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Images or URL's


#1

How does the Image type work? Is it any different from just using a URL for the image?


#2

What happens when the URL changes or gets taken down? You lose the image without knowing.

Also, by storing the image in the db, you can refer to it in many places much more easily than a URL. Lastly, you can send it in a workflow, a URL wouldn’t work as well.

:slight_smile:


#3

Good points. But I was wondering if, internally, Bubble is just treating the Image type as a URL, pointing to its own storage. Or is it actually some kind of blob like you’d find in other languages?


#4

You’re right, it’s still an AWS URL that Bubble converts.


#5

OK, so if I was to pass an Image field to a plugin via it’s parameters it could be read as a simple url in text?


#6

If only it were that simple! The photo parameter resolves as a text URL just fine, but now we hit the dreaded CORS:

> Access to image at 'https://s3.amazonaws.com/appforest_uf/f1550113848736x494222869982514400/picture%20wall.jpg' from origin 'https://imagematter-test-4.bubbleapps.io' has been blocked by CORS policy: No 'Access-Control-Allow-Origin' header is present on the requested resource.
> s3.amazonaws.com/appforest_uf/f1550113848736x494222869982514400/picture%20wall.jpg:1 Failed to load resource: net::ERR_FAILED

Anybody got any suggestions how to use the Image Type in a plugin and avoid the CORS pothole?


#7

Are you only looking to send a URL? Just curious why you don’t send the image as a file.


#8

The user can upload an image and that works fine as an Image. But the app is about displaying those saved images. The way they are displayed is via a plugin that I wrote that does several manipulations to the images (size, shape, add borders, montage, detect common color pallette, etc.). Many things Bubble can’t natively do. But I have to be able to get the image into the plugin. URL is easy regardless of where the image is stored.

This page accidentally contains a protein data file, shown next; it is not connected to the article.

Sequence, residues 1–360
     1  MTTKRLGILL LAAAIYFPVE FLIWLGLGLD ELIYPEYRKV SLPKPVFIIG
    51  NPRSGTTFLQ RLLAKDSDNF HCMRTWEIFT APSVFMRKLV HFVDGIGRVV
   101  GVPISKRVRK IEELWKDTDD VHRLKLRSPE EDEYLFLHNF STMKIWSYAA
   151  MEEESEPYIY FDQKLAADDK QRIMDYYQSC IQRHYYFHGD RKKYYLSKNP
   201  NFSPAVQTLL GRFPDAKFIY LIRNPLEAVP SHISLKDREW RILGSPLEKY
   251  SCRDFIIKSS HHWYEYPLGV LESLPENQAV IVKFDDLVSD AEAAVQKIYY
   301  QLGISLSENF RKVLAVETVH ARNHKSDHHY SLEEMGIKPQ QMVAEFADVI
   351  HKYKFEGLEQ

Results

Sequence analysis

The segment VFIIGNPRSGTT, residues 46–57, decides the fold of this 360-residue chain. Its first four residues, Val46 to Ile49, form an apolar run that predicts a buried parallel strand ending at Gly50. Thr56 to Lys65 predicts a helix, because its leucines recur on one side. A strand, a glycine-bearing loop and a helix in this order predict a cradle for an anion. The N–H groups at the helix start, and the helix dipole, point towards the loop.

It all works currently with URL’s as text. My original question was to find out what advantage there is to using the Image Type. But since converting the Image to a URL creates a CORS issue it seems like I should just keep referencing the user photos as text/URL.


#9

Is it solved for you? Because I have a plugin that works with images, I just don’t know if it would be useful to you.

It’s like this:

// because bubble doesn't passes the protocol, only the link, so we append the protocol ourselves	    

let fixedImageUrl = `https:${properties.image_link}`;

// this function grabs an image URL (string) and outputs its dataURL (very long string)
	
function imgURLToDataURL(url, options = {}) {
  return new Promise((resolve, reject) => {
    img = new Image();
    img.crossOrigin = 'Anonymous';
    img.onload = () => {
      let canvas = document.createElement('CANVAS'),
        ctx = canvas.getContext('2d'),
        dataURL;
      canvas.height = img.height;
      canvas.width = img.width;
      ctx.drawImage(img, 0, 0);
      dataURL = canvas.toDataURL(options.outputFormat, options.quality);
      resolve(dataURL);
      canvas = null;
    };
    img.src = url;
  });
}

Then

imgURLToDataURL(fixedImageUrl)
	.then(function(dataURL){	
	//callback
  });

There’s a bit more to it, in the callback I solve another promise so I can pass the DataURL string to other async code through .then.


#10

Hey Vini, that’s a bit complicated for me.

I think you are taking the url and turning it into a local ‘file’ in the client and changing the cross origin label at the same time? That’s an interesting idea. It may not work for me as I have a lot of quite large images on each page. It could cause problems. But if I can’t find another solution I will give it a try.

Thanks!


#11

I’m going to move this discussion to another for generic thread on CORS specifically: CORS Issues in Bubble.


#12

You have some options here but I will leave the options requiring Bubble to alter their service for another thread.